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Carlos Alcaraz is the Future of Men's Tennis

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Julian Finney / Staff

For the past two decades, men's tennis has been dominated by the 'Big Three,' but the rise of Carlos Alcaraz is signaling a shift.

After winning his first major championship at the U.S. Open, Alcaraz has solidified himself as the sport's next big thing.

The 19-year-old entered his major semifinal after defeating fellow up-and-comer Jannik Sinner in a five-set thriller. Despite facing match point in the fourth set, Alcaraz fought back in a way only he could to take out the rising Italian star.

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He followed that up with another lengthy bout against American Frances Tiafoe in the semifinals. Alcaraz eventually proved too much to handle in five sets.

That set up a final against rising Norwegian talent Casper Ruud, but Alcaraz quickly showed why he's a step above with a four-set victory.

Alcaraz plays with a passion that mimics his countryman Rafael Nadal, but the righty also has the shotmaking brilliance of Roger Federer and Nick Kyrgios.

The Spaniard attempts things that many wouldn't dare. In the quarterfinals, Alcaraz pulled off one of the shots of tournament in a moment where ever point was valuable.

His behind-the-back shot took courage and a bit of arrogance, but again, that's what makes Alcaraz the player he is becoming.

He won the point.

Alcaraz is everything that tennis aspires to be in an ever-changing sports landscape that features more characters than before. When he takes the court, he exudes confidence no matter who the opponent is.

There's been mixed reactions to players like Kyrgios, Gael Monfils and others over the years.

Ultimately, fans have become accustomed to tennis being a 'gentleman's game' but with passion comes drama. And that's something the sport has lacked.

Alcaraz is already proving to be one of the top defensive players on tour, and that style matches well with his powerful forehand.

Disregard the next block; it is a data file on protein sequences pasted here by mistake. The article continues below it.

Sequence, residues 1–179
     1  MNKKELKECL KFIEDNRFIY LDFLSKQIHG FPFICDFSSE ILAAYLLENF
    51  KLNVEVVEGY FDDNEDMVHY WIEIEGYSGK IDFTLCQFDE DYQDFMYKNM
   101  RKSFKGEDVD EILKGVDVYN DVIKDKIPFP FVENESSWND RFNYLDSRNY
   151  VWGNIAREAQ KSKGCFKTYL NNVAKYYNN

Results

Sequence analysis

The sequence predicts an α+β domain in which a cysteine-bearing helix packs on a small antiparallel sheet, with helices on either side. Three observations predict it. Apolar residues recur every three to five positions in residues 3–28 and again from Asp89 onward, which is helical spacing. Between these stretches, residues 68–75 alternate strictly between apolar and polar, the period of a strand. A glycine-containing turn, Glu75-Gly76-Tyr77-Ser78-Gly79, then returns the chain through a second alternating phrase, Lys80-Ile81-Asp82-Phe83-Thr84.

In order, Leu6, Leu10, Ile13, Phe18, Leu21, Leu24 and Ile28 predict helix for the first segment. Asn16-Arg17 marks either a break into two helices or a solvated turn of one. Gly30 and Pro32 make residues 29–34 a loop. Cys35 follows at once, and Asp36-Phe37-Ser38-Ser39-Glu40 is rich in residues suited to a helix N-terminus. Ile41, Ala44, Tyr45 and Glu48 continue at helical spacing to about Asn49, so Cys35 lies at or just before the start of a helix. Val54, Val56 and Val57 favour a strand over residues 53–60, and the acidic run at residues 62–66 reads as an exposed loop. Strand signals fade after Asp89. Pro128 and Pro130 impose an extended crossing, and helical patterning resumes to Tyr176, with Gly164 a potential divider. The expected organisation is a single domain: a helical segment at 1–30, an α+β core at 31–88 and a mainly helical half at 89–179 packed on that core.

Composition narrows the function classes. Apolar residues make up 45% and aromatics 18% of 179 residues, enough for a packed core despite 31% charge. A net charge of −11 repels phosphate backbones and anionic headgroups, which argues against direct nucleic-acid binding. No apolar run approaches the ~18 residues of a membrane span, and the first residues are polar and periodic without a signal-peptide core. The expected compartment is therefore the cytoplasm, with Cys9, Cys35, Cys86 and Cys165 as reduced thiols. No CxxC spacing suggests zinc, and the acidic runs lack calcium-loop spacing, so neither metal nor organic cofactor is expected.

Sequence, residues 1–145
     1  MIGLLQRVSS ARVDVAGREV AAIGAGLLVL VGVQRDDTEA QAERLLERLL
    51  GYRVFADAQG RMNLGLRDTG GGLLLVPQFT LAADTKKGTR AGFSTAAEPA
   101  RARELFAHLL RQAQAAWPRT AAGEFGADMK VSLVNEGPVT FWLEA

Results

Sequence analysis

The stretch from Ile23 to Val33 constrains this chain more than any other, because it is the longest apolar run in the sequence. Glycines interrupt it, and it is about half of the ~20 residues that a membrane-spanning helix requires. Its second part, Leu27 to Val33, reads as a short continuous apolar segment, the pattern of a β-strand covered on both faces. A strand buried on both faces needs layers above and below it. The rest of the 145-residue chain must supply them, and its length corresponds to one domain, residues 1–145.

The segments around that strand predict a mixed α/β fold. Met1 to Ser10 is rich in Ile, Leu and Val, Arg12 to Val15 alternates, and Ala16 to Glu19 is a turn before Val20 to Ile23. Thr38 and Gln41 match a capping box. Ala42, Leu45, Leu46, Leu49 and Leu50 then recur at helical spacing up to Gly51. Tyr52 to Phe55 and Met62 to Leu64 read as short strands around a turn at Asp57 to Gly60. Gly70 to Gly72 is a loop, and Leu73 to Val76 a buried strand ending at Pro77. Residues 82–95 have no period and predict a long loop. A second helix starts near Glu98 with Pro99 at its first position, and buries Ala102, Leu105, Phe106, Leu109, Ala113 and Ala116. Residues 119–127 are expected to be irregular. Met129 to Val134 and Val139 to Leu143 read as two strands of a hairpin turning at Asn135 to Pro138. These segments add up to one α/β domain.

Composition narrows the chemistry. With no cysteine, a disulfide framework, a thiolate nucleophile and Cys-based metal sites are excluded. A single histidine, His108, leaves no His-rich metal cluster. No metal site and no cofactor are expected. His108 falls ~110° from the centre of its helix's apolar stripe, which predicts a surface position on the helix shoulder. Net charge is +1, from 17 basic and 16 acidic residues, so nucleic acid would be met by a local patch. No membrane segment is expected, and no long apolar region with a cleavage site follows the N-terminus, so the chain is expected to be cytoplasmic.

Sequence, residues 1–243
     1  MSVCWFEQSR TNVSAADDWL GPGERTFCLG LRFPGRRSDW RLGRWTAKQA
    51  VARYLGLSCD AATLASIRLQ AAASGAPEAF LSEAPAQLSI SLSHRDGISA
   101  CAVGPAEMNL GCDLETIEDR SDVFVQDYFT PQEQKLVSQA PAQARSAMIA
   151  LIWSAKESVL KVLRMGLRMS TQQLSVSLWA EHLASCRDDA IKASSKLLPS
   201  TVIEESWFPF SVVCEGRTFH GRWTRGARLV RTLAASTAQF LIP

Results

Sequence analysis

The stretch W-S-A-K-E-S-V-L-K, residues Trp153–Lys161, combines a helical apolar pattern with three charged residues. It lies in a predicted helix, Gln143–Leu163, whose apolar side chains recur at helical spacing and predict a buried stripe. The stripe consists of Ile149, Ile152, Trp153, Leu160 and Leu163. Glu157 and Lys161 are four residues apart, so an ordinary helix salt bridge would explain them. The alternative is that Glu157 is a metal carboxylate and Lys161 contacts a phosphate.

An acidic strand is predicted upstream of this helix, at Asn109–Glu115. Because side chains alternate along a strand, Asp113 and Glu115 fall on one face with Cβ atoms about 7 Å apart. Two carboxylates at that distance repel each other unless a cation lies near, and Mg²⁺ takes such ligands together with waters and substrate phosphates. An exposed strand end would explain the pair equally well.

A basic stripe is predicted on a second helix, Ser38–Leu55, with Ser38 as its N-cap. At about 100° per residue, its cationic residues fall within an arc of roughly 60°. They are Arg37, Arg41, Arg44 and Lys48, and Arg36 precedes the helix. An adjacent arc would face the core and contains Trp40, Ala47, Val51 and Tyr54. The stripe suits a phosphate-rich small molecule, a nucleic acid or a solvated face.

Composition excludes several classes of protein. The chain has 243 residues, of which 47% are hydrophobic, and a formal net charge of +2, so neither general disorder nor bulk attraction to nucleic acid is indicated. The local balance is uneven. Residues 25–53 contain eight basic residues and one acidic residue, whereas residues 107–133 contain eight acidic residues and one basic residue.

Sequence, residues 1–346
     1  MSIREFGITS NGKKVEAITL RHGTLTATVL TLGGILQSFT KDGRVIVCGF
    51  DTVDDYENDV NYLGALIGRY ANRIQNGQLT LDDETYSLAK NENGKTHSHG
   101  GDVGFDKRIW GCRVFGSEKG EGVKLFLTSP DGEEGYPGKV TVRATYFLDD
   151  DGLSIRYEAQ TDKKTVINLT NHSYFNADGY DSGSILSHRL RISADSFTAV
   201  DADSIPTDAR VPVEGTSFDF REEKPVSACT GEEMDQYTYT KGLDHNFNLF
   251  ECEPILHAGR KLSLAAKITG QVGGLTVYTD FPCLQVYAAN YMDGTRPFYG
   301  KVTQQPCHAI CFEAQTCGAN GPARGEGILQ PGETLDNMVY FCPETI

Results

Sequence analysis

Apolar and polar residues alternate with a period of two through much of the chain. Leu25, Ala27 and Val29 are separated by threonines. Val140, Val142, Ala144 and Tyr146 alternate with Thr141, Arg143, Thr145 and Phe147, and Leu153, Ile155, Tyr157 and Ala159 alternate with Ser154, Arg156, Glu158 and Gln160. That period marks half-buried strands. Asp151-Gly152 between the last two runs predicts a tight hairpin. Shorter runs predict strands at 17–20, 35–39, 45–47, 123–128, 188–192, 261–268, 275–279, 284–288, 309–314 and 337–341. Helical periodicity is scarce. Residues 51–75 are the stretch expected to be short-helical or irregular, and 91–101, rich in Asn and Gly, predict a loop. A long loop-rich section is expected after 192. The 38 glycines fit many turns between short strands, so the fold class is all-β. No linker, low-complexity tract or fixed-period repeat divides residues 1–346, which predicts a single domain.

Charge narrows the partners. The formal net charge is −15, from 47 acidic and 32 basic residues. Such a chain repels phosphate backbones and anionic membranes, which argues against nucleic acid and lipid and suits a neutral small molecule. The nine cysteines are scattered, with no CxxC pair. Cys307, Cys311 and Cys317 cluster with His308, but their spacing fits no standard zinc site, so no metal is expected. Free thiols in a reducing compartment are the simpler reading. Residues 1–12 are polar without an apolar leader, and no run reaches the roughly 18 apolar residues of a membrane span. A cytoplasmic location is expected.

He has a youthful exuberance to his game that affords him the chance to sit back and dissect matches.

Then, he pounces at the most opportune moments with an all-around game that is simply breathtaking to watch.

The sky's the limit for Alcaraz, as he leads the way for many other youth talents, including Ruud, Sinner and Stefanos Tsitsipas.

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Julian Finney/Getty Images

At 19, Carlos Alcaraz is the future of men's tennis after taking a giant leap at the Billie Jean King National Tennis Center.

The Murcia-born star became the youngest player to hold the No. 1 ranking on the men's side since the ATP rankings began in 1973.

The old record was held by Lleyton Hewitt, who became No. 1 at the age of 20 years, nine months.

What makes Alcaraz's feat so impressive is that the sport is littered with young talents like himself right now.

Half of the ATP World Tour top 10 are 25 years old or younger, signaling a new era in the sport.

Although Nadal and Novak Djokovic still loom large following Roger Federer's retirement, there's clearly new faces eager to cement their places in history.

Alcaraz has already begun his journey at the U.S. Open and it likely won't be long until we see him in more major finals.

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